significant symptoms with the fever. Make sure that you are taking enough foods
and fluids and urinating in normal amounts.
Check your symptoms to decide if and when
you should see a doctor.
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It's easy to become dehydrated when you have a fever.
In the early stages, you may be
able to correct
mild to moderate dehydration with home treatment
measures. It is important to control fluid losses and replace lost
If you become
mildly to moderately dehydrated while working outside or exercising:
Rest and take it easy for 24 hours, and continue to drink a
lot of fluids. Although you will probably start feeling better within just a
few hours, it may take as long as a day and a half to completely replace the
fluid that you lost.
Many people find that taking a lukewarm [80°F (27°C) to
shower or bath makes
them feel better when they have a fever. Do not try to take a shower if you are
dizzy or unsteady on your feet. Increase the water temperature if you start to
shiver. Shivering is a sign that your body is trying to raise its temperature.
Do not use rubbing alcohol, ice, or cold water to cool
Dress lightly when you have a fever. This will help
your body cool down. Wear light pajamas or a light undershirt. Do not wear very
warm clothing or use heavy bed covers. Keep room temperature at
If you are not able to measure your temperature, you
need to look for other symptoms of illness every hour while you have a fever
and follow home treatment measures.
Talk to your child's doctor before switching back and
forth between doses of acetaminophen and ibuprofen. When you switch between two
medicines, there is a chance your child will get too much medicine.
Be sure to check your temperature every 2 to 4 hours to make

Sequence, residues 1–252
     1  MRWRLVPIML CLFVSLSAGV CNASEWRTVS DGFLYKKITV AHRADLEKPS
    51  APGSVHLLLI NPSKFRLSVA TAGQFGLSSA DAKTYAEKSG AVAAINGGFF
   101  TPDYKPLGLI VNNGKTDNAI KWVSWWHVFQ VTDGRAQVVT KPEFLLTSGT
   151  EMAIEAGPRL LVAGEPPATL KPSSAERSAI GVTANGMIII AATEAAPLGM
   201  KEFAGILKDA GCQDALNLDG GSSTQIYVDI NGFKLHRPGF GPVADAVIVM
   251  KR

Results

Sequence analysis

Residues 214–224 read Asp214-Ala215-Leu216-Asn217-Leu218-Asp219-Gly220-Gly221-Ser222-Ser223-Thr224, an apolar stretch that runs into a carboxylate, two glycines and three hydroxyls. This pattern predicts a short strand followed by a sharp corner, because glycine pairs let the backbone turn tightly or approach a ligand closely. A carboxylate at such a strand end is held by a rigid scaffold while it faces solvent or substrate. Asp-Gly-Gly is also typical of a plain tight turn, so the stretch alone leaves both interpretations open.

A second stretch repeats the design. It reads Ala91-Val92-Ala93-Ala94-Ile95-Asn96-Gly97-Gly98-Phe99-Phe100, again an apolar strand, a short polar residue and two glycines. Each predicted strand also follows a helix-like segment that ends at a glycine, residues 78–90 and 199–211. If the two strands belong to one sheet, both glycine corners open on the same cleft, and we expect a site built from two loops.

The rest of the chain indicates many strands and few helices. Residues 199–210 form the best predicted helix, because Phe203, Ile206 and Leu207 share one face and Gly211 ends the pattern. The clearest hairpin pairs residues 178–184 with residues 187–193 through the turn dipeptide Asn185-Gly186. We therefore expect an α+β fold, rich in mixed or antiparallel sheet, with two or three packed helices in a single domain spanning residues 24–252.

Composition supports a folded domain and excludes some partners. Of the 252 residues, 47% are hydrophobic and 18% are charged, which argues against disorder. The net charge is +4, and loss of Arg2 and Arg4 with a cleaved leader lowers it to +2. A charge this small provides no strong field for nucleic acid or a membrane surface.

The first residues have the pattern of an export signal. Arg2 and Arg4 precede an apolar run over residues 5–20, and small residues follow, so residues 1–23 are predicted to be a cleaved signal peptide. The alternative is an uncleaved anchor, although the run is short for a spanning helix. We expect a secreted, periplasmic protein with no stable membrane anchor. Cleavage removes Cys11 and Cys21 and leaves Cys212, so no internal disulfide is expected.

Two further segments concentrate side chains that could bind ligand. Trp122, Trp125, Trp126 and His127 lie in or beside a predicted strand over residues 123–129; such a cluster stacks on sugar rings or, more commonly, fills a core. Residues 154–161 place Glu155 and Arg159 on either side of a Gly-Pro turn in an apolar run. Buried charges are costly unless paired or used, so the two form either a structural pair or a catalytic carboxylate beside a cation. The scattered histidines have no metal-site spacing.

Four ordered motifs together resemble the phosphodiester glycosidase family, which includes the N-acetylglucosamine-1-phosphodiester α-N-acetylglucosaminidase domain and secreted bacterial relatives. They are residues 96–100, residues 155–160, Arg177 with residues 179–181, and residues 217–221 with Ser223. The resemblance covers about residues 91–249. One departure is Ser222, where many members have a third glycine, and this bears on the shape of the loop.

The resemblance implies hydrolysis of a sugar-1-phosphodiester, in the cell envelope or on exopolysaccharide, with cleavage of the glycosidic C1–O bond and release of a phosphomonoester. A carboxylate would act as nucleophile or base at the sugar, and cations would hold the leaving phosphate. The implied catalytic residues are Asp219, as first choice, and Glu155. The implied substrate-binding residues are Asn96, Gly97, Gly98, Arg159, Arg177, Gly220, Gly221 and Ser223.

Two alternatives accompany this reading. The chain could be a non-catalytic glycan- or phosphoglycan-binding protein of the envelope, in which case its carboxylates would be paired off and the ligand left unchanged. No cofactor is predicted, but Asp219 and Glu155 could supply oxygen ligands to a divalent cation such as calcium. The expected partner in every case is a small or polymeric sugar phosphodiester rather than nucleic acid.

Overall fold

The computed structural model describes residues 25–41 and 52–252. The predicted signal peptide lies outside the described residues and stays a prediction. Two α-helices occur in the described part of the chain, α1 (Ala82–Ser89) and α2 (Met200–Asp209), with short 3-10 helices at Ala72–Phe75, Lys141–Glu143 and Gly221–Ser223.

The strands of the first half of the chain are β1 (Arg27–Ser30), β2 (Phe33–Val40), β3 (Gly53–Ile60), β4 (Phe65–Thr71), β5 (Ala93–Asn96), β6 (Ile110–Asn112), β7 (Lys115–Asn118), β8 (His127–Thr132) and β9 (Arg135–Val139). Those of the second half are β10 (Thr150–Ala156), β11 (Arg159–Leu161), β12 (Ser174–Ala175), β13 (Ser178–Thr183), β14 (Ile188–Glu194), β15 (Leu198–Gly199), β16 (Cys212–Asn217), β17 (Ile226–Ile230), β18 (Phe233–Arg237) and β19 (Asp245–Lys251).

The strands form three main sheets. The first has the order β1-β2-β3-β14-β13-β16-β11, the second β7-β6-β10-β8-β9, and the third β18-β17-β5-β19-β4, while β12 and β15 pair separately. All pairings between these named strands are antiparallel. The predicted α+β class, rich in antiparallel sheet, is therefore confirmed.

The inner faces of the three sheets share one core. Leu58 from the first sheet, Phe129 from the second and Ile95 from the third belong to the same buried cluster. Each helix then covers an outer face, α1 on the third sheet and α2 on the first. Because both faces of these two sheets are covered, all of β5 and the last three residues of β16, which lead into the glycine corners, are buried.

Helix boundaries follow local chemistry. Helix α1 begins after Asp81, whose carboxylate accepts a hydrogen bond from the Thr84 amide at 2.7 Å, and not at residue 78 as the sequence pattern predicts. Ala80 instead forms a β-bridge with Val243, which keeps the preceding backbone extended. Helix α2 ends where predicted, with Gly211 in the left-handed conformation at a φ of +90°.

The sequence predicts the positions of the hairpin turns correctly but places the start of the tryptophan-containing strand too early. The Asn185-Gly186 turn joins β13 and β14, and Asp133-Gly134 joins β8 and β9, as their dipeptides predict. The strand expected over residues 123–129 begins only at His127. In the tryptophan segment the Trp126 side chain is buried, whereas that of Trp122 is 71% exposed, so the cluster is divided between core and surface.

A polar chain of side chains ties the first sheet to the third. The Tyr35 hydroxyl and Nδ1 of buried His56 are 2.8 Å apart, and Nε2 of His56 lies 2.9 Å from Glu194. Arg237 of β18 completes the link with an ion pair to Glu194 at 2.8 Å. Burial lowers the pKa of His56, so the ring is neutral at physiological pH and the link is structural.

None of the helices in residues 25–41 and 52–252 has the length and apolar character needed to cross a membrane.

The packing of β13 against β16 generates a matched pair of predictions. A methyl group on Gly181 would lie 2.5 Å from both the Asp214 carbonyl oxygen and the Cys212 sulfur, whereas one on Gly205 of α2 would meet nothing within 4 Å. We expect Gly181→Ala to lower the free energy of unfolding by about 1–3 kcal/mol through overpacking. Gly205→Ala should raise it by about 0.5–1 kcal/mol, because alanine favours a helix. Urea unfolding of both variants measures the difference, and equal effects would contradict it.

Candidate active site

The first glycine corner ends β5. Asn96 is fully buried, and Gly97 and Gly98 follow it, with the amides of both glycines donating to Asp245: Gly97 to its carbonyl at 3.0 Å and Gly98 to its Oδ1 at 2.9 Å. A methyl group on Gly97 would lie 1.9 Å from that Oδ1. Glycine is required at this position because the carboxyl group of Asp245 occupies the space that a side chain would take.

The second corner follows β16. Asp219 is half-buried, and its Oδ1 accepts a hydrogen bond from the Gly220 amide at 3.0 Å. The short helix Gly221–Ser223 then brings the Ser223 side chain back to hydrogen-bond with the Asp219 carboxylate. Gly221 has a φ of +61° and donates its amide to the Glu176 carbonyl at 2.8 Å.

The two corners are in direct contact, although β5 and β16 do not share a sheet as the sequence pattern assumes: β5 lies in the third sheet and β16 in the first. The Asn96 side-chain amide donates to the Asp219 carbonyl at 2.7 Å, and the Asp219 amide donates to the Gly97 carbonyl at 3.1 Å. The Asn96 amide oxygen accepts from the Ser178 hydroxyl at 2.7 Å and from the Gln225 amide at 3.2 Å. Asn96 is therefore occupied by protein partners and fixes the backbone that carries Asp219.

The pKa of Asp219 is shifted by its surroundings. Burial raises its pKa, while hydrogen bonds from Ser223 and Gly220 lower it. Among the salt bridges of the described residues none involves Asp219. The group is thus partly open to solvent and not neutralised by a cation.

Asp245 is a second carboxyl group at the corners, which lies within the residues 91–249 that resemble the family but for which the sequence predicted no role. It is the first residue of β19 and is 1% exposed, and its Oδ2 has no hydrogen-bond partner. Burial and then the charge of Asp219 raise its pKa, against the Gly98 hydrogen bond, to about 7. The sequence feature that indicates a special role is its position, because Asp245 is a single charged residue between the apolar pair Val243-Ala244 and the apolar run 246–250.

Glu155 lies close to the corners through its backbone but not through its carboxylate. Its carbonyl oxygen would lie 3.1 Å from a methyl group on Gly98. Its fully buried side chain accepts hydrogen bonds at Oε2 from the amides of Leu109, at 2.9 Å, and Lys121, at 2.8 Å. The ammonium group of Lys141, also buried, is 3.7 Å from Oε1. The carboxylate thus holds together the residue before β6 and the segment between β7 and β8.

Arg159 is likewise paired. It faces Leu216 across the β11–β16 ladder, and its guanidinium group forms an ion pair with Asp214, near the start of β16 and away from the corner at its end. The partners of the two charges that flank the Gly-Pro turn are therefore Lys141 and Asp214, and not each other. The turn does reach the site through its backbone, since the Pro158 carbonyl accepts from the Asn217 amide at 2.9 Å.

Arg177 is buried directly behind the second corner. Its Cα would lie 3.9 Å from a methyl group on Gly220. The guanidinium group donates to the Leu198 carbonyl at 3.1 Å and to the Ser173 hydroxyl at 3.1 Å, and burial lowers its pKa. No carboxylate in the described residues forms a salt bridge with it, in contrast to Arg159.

sure home treatment is working.
Call your doctor if any of the following occur during home
The best way to prevent fevers is to reduce
your exposure to infectious diseases.
Hand-washing is the single most important prevention
measure for people of all ages.
Immunizations can reduce the risk for fever-related illnesses, such as the flu. Although no vaccine is 100% effective, most routine immunizations are effective for 85% to 95% of the people who receive them. For more information, see the topic Immunizations.
To prepare for your appointment, see the topic Making the Most of Your Appointment.
You can help your
doctor diagnose and treat your condition by being prepared to
answer the following questions:
The CDC's Travelers' Health Web site provides health
information for the traveler. The Web site provides information on
immunizations that are needed for travel to various areas of the world. It also
provides information for safe travel, including traveling with children and
with people who have special needs. Information about current outbreaks of
disease in the world is also provided. The CDC is the leading federal agency
for protecting U.S. citizens' health and safety by providing credible health
information and health promotion.
September 13, 2012
William H. Blahd, Jr., MD, FACEP - Emergency Medicine & H. Michael O'Connor, MD - Emergency Medicine